Comparing permitting reform proposals across the political spectrum

Man in suit speaking, white text of a quote is laid over his photo

Comparing permitting reform proposals across the political spectrum

Clean energy permitting reform has emerged as the hot climate policy area this year, with new proposals dropping fast and furious in recent weeks. Progressives, conservatives, and centrists have all offered numerous permitting reform bills and outlines for consideration. And Congress just passed some permitting reforms in the debt ceiling deal. It’s a lot to process!

To help CCLers absorb this veritable flood of information, we recently held a Citizens’ Climate University training comparing permitting reform proposals from across the political spectrum. CCL Research Coordinator Dana Nuccitelli led the training along with host Brett Cease, CCL’s Vice President of Programs. Watch the full training here or read on for a recap:


Clean energy permitting reform is a key climate policy

The permitting process is important to ensure that communities, environments, and workers are protected from undue harm during the construction and operation of a new project, but permitting also adds time and expense to projects of all kinds. As Dana put it, “We have to make sure we find the right balance between doing thorough and accurate permitting and environmental assessments, but not taking too long in delaying the transition to clean energy.”

Energy experts have warned that if we don’t start building clean energy infrastructure faster, we will only achieve about 20% of the potential carbon pollution reduction from the Inflation Reduction Act. That’s why clean energy permitting reform is such a critical climate policy area in 2023.

CCL’s permitting reform principles

As Dana outlined, CCL supports permitting reform policies that achieve the following three goals:

  • Adding to America’s capacity to transmit clean electricity
  • Speeding up the approval of clean energy projects that are waiting to be built
  • Preserving communities’ ability to make their voices heard on the environmental and other impacts of proposed energy projects

CCL won’t support just any permitting reform proposals; only good ones that drive down carbon pollution by speeding up approval for good clean energy projects while protecting the health and safety of American people and communities.

Proposals from across the political spectrum

The good news is that there’s bipartisan support for clean energy permitting reform in Congress. Progressive proposals have mainly focused on giving the Federal Energy Regulatory Commission (FERC) more authority over permitting big important electrical transmission lines in order to expedite that process. Progressives have also offered several suggestions to help communities make sure their voices are heard in the permitting of projects that could directly impact them.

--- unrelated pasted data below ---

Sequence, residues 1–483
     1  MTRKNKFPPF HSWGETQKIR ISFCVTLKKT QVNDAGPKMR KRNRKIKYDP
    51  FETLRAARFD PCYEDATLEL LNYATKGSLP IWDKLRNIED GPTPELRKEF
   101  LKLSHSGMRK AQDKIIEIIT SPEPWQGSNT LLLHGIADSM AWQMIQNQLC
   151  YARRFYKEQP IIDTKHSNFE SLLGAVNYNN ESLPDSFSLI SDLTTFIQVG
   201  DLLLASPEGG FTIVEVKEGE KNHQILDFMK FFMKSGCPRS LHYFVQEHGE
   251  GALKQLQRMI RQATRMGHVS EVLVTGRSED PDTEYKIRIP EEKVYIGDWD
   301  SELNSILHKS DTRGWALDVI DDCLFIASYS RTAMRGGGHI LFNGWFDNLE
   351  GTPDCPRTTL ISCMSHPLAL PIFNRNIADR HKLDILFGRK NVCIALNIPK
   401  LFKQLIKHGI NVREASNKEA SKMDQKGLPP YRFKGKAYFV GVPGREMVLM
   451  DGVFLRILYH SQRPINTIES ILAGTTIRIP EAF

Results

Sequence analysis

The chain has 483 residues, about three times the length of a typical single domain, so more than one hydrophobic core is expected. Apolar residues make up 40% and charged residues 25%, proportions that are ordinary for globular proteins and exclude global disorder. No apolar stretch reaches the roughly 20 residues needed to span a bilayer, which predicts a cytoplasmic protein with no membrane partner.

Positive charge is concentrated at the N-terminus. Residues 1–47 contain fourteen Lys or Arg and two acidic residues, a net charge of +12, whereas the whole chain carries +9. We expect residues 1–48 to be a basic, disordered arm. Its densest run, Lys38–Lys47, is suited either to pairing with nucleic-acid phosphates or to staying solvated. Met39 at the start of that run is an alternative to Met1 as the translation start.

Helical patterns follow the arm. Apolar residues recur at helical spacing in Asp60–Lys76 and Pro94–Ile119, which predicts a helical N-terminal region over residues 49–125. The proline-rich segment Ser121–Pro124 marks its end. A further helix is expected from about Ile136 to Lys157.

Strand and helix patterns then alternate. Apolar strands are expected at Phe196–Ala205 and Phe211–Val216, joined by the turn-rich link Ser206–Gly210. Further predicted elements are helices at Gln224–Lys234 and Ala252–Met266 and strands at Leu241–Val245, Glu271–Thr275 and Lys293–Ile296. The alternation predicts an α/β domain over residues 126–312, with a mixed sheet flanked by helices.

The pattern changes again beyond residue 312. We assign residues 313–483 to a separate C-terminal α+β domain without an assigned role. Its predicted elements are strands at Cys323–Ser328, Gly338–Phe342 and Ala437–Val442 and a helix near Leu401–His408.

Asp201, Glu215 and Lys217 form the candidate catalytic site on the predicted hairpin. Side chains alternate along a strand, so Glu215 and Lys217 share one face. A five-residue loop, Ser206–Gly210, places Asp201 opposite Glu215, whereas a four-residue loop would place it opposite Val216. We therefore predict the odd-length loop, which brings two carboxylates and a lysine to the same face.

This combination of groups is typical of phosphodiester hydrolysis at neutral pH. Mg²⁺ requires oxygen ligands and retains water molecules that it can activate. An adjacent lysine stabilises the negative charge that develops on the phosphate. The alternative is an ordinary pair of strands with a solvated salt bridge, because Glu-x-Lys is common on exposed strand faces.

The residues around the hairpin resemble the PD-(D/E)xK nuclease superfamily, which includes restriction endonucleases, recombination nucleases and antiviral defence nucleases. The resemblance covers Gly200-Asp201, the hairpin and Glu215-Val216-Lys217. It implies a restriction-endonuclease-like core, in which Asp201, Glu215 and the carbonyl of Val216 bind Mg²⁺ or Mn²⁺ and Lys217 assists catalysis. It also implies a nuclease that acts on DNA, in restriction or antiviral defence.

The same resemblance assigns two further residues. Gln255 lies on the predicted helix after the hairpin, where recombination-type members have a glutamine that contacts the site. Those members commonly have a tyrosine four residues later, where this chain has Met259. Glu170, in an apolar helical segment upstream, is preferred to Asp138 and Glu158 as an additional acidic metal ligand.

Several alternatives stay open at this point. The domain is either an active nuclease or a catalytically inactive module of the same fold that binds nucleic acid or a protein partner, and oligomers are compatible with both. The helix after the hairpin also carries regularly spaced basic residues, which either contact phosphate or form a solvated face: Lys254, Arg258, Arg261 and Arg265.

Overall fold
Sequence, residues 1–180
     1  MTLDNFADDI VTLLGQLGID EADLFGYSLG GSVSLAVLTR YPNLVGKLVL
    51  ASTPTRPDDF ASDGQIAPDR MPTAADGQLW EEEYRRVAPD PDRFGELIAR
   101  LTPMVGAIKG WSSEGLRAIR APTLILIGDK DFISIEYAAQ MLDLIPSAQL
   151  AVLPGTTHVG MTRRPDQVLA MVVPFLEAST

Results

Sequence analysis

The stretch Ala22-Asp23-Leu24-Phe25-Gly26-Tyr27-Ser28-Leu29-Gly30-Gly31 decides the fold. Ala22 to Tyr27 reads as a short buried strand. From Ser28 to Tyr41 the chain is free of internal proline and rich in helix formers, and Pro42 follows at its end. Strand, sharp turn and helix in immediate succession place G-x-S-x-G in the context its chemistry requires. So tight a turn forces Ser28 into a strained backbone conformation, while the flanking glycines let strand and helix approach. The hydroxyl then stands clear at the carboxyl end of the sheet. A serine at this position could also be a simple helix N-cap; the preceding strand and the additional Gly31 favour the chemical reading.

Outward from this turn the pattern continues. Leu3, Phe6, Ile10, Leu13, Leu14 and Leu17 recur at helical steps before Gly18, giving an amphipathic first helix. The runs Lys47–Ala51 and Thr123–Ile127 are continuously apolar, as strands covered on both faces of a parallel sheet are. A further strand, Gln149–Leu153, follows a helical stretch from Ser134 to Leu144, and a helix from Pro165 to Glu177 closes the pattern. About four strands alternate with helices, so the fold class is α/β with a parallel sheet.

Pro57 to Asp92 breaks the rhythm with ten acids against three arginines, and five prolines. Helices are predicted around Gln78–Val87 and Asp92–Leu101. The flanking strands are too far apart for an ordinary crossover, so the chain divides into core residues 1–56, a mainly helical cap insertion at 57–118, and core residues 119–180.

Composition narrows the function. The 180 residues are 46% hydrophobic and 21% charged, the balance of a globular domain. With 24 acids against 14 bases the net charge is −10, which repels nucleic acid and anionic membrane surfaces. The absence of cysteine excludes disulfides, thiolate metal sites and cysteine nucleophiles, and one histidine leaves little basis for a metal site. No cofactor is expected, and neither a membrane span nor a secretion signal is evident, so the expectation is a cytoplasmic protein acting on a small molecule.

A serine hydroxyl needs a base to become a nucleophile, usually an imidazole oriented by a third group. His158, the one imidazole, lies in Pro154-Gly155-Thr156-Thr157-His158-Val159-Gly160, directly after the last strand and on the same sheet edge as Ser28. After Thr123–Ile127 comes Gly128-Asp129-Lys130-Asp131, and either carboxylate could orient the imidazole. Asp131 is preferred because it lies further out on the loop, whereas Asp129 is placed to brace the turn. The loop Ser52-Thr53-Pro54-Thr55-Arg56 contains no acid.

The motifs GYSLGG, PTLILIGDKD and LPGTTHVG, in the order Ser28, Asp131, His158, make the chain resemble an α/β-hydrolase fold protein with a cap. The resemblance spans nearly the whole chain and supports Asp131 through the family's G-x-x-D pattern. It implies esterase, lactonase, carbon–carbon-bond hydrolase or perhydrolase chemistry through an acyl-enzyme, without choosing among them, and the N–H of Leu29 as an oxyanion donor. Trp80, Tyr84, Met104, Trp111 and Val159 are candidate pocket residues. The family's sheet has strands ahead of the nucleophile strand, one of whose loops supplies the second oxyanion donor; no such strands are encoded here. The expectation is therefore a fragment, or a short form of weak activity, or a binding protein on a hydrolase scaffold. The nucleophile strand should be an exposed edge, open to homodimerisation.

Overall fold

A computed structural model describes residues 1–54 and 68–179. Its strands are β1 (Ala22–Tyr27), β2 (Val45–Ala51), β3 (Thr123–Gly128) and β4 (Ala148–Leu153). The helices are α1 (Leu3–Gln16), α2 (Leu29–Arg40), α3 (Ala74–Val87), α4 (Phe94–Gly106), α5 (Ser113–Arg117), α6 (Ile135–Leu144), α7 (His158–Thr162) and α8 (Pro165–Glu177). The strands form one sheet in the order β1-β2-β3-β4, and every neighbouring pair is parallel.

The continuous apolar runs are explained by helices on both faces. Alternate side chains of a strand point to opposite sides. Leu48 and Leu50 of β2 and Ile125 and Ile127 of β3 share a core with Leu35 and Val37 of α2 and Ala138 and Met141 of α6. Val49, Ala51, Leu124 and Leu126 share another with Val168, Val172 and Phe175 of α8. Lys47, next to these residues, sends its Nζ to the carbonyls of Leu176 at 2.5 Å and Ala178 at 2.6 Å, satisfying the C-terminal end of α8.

Conservative proposals have mainly focused on streamlining the National Environmental Policy Act (NEPA) permitting process, and many provisions to accomplish this goal were included in the debt ceiling deal. Conservatives’ main concern is with transferring too much state authority over the transmission line permitting process to federal agencies like FERC.

Centrist permitting reform proposals have included a lot of overlap with progressives and conservatives, including components that would give FERC more authority over transmission lines and streamline the NEPA permitting process. As Dana said, these proposals are “a good starting point to broker a bipartisan compromise.”

What’s next after the debt ceiling deal?

As CCL noted in our statement on the debt ceiling agreement, the permitting reforms it included are not enough. We still need to boost transmission projects and improve early community involvement, for example. And as CCL’s VP of Government Affairs Ben Pendergrass noted in a new video, “It’s actually perfect timing for CCL to be taking to the Hill here in June to continue to push Congress to go further and to go faster on permitting reform. Permitting reform is still going to be a major focus of the June lobby day.”

CCL Government Affairs staffers Ben Pendergrass and Jenn Tyler will provide an update on the lobby day asks, including permitting reform, at the conference on Sunday, June 11, at 2:45 p.m. ET / 11:45 a.m. PT. Register now to watch the livestream of their session.

And while conservative members of Congress got many of the NEPA reforms they were seeking in the debt ceiling deal, there are still some items left on the table that they will want to include in a more comprehensive permitting reform package. Stay tuned in the coming weeks for more information about those remaining permitting reform opportunities and how we might be able to get Republicans back to the negotiating table.